19th September 2020
My first blog post in a while!
In September I had the unforgettable experience of filming with BBC Autumnwatch, at some of my favourite wildlife sites close to central London.
I arrived in the City at eight o’ clock in the morning, and it was freezing! The City is the historic core of Greater London and Middlesex; it was brilliant to show a different side to it, through the Barbican Wildlife Garden (BWG), a magical residents' garden which I have visited several times. When the famous Brutalist Barbican Estate was being built, the garden was a bomb site and dumping ground, but thanks to the dedication of local volunteers, it was transformed into an oasis for wildlife. Today, it is home to a huge variety of birds, including Kestrels, Sparrowhawks, Goldfinches, and House Sparrows, which are often called ‘Cockney sparras’ in the East End. House Sparrows have declined severely due to habitat loss and avian malaria, but the fabulous BWG volunteers have planted berry bushes and put out sparrow nestboxes for them to breed, allowing a population from neighbouring Islington to thrive there: hopefully their numbers will increase soon! There are also hundreds of invertebrate and plant species, including the very rare Lesser Stag Beetle, which came as larvae within the BWG’s wood piles when they were brought over from Epping Forest, Essex. The BWG uses ancient techniques to cause minimal disturbance to wildlife, such as scything during the autumn, and recently, City of London Police horses were used to break up the soil!
After four hours at the BWG, we drove to our next location. We drove past many historic buildings, as well as Canary Wharf, which I was elated by! We arrived at one of the last actively industrial remnants in Docklands, and stumbled upon the curious case of the Bow Creek. The mouth of the River Lea marks the historic county boundary between Middlesex and Essex, and the boroughs of Tower Hamlets and Newham. It meanders a number of times before meeting the Thames at Trinity Buoy Wharf, where Michael Faraday’s lighthouse is situated. These meanders result in two spits: the Leamouth Peninsula, where a huge development, London City Island, is taking place; and the Bow Creek Ecology Park. It was a short walk from the industrial area and over to the Ecology Park, which was a shipyard and ironworks in the days of the East India Company, and prominent companies such as the Samuda Bros and Thames Ironworks built their ships there.
Now, it is managed by the Lee Valley Park, and is home to many common bird species. The neighbouring Bow Creek has Sand Martins on its banks in summer, and occasional Redshanks in winter. While we were there, there were Little Egrets, Cormorants, Mallards and a variety of gull species. The reedbeds within the Ecology Park have Water Scorpions, Starlings congregate on the pylons overhead, and Kestrels hunt on the railsides: the DLR railway bridge is the dominating feature in the Ecology Park and the trains are very noisy, but the birds are not disturbed at all!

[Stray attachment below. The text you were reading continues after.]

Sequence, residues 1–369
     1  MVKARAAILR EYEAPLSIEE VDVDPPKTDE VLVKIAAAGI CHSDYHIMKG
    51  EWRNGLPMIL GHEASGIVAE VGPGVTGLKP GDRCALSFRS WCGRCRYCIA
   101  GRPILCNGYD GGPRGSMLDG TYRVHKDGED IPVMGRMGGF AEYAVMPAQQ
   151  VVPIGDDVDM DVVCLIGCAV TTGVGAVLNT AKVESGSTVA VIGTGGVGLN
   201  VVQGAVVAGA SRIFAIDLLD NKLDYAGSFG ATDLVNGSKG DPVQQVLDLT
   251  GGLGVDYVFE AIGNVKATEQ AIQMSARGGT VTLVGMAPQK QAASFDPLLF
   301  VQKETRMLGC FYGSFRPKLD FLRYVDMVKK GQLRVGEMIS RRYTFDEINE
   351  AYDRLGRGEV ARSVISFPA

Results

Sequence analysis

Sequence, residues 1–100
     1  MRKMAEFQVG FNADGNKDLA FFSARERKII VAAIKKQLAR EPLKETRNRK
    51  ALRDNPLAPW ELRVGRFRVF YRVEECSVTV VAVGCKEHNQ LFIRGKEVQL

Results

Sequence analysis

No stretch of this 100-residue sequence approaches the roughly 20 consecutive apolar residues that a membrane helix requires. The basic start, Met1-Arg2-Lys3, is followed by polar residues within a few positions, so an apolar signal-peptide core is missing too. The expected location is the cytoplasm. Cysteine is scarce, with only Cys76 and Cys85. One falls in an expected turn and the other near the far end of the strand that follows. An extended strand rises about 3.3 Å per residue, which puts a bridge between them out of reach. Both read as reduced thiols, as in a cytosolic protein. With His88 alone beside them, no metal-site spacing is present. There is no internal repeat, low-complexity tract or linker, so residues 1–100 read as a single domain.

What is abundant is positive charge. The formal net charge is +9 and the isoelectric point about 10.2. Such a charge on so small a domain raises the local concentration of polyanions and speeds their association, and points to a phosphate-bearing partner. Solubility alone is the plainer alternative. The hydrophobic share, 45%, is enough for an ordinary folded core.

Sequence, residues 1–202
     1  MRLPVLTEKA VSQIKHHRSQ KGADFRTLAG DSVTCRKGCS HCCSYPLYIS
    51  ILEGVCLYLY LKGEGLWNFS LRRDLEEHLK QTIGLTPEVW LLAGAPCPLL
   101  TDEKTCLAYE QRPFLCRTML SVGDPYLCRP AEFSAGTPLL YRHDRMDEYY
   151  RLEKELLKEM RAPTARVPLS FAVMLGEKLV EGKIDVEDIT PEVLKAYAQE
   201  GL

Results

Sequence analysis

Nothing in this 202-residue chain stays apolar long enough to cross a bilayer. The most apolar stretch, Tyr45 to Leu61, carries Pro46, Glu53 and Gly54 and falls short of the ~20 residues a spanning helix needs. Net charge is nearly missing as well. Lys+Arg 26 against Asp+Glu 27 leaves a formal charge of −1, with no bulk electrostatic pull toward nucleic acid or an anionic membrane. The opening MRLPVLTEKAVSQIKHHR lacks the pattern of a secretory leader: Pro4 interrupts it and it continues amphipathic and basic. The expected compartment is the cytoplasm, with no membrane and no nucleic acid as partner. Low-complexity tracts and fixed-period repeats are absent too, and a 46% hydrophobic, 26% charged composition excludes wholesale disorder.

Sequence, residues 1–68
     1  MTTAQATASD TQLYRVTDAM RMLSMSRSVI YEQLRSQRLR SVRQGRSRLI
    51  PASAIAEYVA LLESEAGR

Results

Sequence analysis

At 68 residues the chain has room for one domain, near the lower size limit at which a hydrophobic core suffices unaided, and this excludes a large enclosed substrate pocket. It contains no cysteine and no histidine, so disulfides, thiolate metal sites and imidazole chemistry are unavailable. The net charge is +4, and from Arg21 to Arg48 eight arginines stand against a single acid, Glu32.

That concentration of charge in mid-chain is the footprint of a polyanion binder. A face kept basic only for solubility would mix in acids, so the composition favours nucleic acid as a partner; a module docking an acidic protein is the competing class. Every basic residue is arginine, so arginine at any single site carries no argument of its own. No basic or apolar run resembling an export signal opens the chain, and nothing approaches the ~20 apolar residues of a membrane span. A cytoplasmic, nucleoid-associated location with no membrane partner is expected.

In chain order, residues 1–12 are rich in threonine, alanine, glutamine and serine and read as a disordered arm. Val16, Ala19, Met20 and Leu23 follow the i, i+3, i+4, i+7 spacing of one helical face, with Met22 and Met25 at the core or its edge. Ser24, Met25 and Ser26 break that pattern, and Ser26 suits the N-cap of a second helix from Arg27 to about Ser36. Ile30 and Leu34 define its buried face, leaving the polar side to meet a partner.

At four o’ clock in the afternoon we filmed a few walking shots, of myself walking through a tunnel underneath Newham Way. For our final location we headed to East India Dock Basin, managed by Tower Hamlets Council as a nature reserve. In the 19th Century, ships, presumably built at Leamouth, would come from the East unloading their sorrel, oregano, saffron and coriander, and several of the local roads are named after these. These docks used to be much larger, but the ever-changing Canary Wharf and developments around Docklands were built over a sizeable area of it. The nearby Saffron Avenue Pond, itself a designated wildlife site, has a population of Small Red-eyed Damselfly; they have recently established itself as a breeding species in the UK.
At the Basin, the star species is the Teal, a tiny duck which travels in large numbers to the Basin from the Baltic and Siberia, to spend each winter in Tower Hamlets! There was a sizeable number of them that afternoon, as well as migratory Cormorants, and Herons. There is a small meadow too, where wild celery grows. Another notable bird that can be found in the area is the Black Redstart: a relative of the Robin, it nests in brownfield sites, of which there were many in Postwar Britain. Over the following decades the population in Docklands grew bigger, and today they still benefit from derelict warehouses, and the many green roofs that have appeared in Inner London. I saw my first Black Redstart on Piccadilly, so keep your eyes peeled for them! We ended the day by filming opposite the O2 Arena and Greenwich Peninsula, and as the sky became darker, Docklands became an array of red and yellow lights.
The reserve is an important site for Teal, as well as Herons, gulls and Little Egrets
Filming with Autumnwatch was an unbelievable experience, and one which I thoroughly enjoyed. I would like to thank Matthew, Hannah, Muhali and Bruce from the BBC Springwatch team for this wonderful opportunity!